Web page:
Learning Disability Today
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Learning Disability England and its representative body members have expressed concerns that the new Bill of Rights will remove some legal protection from people with a learning disability.
The new Bill of Rights had its first reading in the House of Commons this week (Wednesday) and could replace the current Human Rights Act.
In a statement, the government said that the Bill will ensure courts cannot interpret laws in ways that were never intended by Parliament and will empower people to express their views freely.
At the same time, it will help prevent trivial human rights claims from wasting judges’ time and taxpayer money. A permission stage in court will be introduced requiring people to show they have suffered a significant disadvantage before their claim can go ahead.
Provider organisations that support people with learning disabilities have been reflecting on how it will affect them and the potential impact on how they work.
As people with learning disabilities and their families are often dependent on a range of public bodies upholding the human rights protections they rely on, they are worried that the Bill will weaken this requirement.
Mary Woodhall, a self advocate and Rep Body member of Learning Disability England, said: “Human Rights laws make sure we are treated fairly and with respect and have a say over the important things in our lives. This has not always happened for people with learning disabilities.?
“And now there is a fear this new Bill of Rights may take some of that protection away. This is making some people with learning disabilities feel isolated, scared and left out.”
Tim Keilty, who works for New Prospects and is a paid supporter member rep on the Rep Body said: “People we support knowing their rights and organisations upholding these rights are fundamental to good support. ?
“I am worried by the speed of the changes, the lack of any meaningful time for consultation. Good things are rarely done quickly; by rushing this Bill through without peoples’ views being heard, we may find ourselves stuck in messy legal arguments, sucking yet more money out of a chronically underfunded system.
“This is particularly scary at a time of overhaul of the mental health act and liberty protections safeguards too.”
Wendy Burt, family carer and family and friend rep on the Rep Body said: “As a family member of a person with learning disabilities, I am very worried about the proposals in the Bill of Rights to get rid of the requirement to interpret laws in a way that is compatible with human rights.?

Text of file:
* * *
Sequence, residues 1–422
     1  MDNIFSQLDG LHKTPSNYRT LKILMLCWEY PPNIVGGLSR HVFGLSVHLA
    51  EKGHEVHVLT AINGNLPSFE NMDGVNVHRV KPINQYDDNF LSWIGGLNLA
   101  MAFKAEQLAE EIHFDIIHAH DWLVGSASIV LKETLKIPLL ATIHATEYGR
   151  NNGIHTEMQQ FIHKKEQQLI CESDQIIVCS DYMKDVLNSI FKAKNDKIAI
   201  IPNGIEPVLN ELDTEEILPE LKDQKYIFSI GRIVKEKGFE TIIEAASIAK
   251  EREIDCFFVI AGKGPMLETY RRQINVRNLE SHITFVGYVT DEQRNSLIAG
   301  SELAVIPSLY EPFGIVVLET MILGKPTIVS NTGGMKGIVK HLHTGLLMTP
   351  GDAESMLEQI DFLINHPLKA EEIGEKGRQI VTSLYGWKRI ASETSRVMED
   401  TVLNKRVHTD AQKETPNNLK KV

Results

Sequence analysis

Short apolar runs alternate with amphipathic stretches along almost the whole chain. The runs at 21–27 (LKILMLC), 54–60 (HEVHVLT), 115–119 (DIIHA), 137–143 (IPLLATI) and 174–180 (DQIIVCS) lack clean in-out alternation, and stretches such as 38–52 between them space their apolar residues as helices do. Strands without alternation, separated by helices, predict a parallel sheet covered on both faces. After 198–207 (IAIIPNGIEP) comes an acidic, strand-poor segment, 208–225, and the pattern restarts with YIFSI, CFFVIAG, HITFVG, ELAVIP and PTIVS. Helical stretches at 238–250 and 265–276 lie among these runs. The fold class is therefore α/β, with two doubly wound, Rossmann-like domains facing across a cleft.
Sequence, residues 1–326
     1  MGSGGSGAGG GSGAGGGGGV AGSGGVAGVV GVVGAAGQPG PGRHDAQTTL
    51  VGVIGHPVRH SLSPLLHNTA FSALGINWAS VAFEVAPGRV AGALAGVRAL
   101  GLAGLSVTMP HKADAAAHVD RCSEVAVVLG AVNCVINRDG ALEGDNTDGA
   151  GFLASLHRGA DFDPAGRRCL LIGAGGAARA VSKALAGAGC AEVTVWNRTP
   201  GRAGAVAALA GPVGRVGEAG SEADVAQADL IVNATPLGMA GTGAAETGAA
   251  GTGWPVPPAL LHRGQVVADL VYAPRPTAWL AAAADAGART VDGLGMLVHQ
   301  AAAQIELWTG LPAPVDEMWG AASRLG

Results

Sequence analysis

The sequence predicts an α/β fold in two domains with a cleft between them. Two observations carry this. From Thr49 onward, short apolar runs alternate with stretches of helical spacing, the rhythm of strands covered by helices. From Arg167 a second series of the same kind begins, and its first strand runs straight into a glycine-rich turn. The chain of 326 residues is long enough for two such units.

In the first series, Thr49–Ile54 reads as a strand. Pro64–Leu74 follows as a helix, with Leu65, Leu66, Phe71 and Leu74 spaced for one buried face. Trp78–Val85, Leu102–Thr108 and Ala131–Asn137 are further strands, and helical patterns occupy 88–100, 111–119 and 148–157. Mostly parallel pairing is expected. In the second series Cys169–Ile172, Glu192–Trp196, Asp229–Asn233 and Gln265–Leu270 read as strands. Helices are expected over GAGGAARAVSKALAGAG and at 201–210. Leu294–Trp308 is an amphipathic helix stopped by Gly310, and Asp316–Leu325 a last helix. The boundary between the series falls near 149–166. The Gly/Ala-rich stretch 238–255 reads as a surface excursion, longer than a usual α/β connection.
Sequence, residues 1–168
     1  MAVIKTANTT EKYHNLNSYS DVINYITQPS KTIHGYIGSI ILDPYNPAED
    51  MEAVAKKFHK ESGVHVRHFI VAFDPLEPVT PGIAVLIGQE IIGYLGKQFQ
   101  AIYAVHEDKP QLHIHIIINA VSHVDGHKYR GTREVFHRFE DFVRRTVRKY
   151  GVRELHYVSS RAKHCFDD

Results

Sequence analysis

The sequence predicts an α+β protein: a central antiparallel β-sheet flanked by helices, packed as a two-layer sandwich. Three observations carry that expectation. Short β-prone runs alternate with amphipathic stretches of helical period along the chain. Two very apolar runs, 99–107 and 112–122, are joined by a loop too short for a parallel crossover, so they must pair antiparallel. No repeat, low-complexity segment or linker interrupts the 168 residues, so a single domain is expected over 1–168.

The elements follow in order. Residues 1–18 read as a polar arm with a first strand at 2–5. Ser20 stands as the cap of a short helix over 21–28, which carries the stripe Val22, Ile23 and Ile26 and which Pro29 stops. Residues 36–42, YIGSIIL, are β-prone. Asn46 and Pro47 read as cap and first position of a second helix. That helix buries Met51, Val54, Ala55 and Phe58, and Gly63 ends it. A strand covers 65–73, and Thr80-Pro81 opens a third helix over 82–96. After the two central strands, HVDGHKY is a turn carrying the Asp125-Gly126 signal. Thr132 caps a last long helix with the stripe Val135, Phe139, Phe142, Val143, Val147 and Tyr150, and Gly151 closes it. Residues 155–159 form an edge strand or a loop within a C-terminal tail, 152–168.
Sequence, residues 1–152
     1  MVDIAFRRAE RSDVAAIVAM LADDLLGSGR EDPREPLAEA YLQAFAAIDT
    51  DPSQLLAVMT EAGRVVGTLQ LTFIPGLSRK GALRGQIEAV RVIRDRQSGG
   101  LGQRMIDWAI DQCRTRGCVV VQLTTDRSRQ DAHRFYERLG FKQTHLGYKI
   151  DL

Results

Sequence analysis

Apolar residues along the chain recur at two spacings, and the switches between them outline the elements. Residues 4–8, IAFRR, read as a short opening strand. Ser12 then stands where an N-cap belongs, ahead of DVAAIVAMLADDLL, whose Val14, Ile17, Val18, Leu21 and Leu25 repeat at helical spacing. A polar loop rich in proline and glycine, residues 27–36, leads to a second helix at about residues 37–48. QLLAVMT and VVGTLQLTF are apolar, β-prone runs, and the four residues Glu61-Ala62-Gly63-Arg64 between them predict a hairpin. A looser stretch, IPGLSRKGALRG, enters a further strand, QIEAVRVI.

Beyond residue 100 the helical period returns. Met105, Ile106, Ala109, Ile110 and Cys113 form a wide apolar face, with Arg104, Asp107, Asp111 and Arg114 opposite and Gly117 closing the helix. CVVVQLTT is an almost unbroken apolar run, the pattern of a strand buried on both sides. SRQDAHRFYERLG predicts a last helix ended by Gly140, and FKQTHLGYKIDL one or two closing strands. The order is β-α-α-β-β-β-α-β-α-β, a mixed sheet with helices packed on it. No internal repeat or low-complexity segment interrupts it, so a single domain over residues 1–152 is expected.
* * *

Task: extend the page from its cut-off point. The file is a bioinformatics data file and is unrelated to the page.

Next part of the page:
“There have already been too many tragedies where people with learning disabilities have not had their human rights respected.?And families have not been listened to.
“This Bill, and especially the changes happening so fast, risks creating confusion, uncertainty and less security for the very people in society most at risk of human rights abuses.”
The Law Society have said that the Bill will create an acceptable class of human rights abuses in the UK– by introducing a bar on claims deemed not to cause ‘significant disadvantage’.
It added that it was a lurch backwards for British justice. Authorities may begin to consider some rights violations as acceptable, because these could no longer be challenged under the Bill of Rights despite being against the law.
Amnesty International also said the Bill would strip the public of its ‘most powerful tool’ to challenge official wrongdoing citing the response to the Hillsborough football disaster, and warned that it represented a ‘giant leap backwards’ for the rights of ordinary people.
Children could also be affected as the Human Rights Act underpins families’ battles to make the system for supporting children and young people with SEND work as it should, according to IPSEA (Independent Provider of Special Education Advice).
Catriona Moore, Policy Manager at IPSEA, added: “Any move to weaken the Human Rights Act will make it harder for children and young people with SEND to hold public authorities accountable, which undermines their rights and the protective environment the Act aims to foster.
“This is taking place at exactly the point when accountability is more necessary than ever in decision-making about education and support for children and young people with SEND, as the Government carries out a wide-ranging review of SEND provision. One of the biggest weaknesses in the way the SEND system works is the absence of accountability mechanisms to ensure that public bodies either follow the law or explain why they haven’t.”
Learning Disability England has been working closely with the British Institute of Human Rights to share resources and webinars to help everyone get involved and understand the planned changes.
You can see the BIHR resources, including easy read, and how to get involved here